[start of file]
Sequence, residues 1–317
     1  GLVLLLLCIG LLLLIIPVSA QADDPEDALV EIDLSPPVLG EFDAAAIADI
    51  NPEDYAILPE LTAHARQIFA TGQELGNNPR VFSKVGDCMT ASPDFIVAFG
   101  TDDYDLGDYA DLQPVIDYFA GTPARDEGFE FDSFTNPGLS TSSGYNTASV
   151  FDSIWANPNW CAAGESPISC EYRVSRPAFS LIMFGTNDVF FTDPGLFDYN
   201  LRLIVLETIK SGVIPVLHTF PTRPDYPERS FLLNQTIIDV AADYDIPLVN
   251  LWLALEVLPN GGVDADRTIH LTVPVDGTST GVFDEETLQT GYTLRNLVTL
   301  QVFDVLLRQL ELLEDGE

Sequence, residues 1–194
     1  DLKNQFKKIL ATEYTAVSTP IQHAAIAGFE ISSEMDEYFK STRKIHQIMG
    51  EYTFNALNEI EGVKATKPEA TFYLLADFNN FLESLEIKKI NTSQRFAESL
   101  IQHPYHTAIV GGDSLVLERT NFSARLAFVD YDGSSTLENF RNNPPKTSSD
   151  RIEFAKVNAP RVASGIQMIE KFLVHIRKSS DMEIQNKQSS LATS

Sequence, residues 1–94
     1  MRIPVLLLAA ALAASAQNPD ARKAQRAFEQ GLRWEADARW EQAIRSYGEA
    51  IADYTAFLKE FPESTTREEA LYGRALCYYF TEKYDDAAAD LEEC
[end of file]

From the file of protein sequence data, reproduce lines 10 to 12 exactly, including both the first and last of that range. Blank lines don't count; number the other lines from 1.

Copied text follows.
     1  DLKNQFKKIL ATEYTAVSTP IQHAAIAGFE ISSEMDEYFK STRKIHQIMG
    51  EYTFNALNEI EGVKATKPEA TFYLLADFNN FLESLEIKKI NTSQRFAESL
   101  IQHPYHTAIV GGDSLVLERT NFSARLAFVD YDGSSTLENF RNNPPKTSSD